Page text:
Thanksgiving Day of 2008 was my last day of blissful naivete. On all-too-aptly named "Black Friday," it was evident that something was seriously wrong with beautiful, nine-pound Jason. He sat immobile in the playpen, as the other English angoras played around him. We rushed him to the vet. It was severe wool-block. The vet kept him overnight, and was frankly surprised that Jason made it through the night. But then came our poor boy's next problem. He sat awkwardly collapsed, only occasionally trying, and failing, to get his legs under him. Against my better instincts, and to my eternal regret, I allowed Jason to be hospitalized for the entire week, clinging to desperate hope that the vet would somehow solve this baffling problem and save Jason. If I had only known that Jason had developed either spinal lymphoma or brain cancer (the blood-test results finally arrived, way too late), I would have insisted that Jason come home. He should have had the dignity of dying in his own home, where he was most comfortable, surrounded by the people and rabbits who loved him. We were just as capable of administering painkillers as the veterinary staff, via injection or syringe (we'd had plenty of practice with GiggleFeather). Instead, he endured the torment of barking dogs and screeching birds, he who was accustomed to a peaceful environment of only soft rabbit noises, and the quiet sounds of two not-so-young humans. As far as I'm concerned, the only thing that we did right was to allow his bond-mate Jaime to stay there with him. Jason died during the wee hours of December 5, 2008, with Jaime the only loved-one beside him. He was only three-and-a-half.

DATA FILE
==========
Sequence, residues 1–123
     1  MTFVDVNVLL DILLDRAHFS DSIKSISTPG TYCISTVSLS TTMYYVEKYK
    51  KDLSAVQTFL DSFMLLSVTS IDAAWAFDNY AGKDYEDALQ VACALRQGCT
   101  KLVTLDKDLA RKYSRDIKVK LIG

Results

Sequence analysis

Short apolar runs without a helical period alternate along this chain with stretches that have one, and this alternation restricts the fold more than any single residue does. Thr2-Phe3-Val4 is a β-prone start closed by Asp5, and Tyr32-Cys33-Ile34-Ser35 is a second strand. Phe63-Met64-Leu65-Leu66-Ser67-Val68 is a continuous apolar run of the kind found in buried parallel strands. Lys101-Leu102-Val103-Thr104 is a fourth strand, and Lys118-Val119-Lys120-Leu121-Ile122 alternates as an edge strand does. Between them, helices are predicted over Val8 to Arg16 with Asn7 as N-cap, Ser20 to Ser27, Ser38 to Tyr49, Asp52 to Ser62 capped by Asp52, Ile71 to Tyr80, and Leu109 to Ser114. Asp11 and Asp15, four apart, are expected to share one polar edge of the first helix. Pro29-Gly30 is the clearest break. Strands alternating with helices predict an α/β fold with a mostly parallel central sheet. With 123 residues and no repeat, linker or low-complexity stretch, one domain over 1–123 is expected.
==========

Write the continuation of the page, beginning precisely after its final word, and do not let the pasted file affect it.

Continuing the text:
In late April of 2009, dear little Wendy, our youngest, developed mild wool-block, and the vet assured us that she should come through it just fine. But by three days later, she lay morose and lethargic. Chris held her all afternoon, and I held her all evening: throughout which she stared directly into my eyes for hours. We placed her in a bassinet-style cage in our own bedroom for the night. In the morning, when we tried to give her prescription-medications to her, she went into convulsions, which the vet later informed me indicated a blood clot, probably in the brain, possibly in the heart. Our darling, adorable two-year-old had most likely died of a stroke. Like Giggle, she had waited for me all night: to die in my arms in the morning. And also like GiggleFeather, she had died on the morning of May 1, exactly three years later, to the day.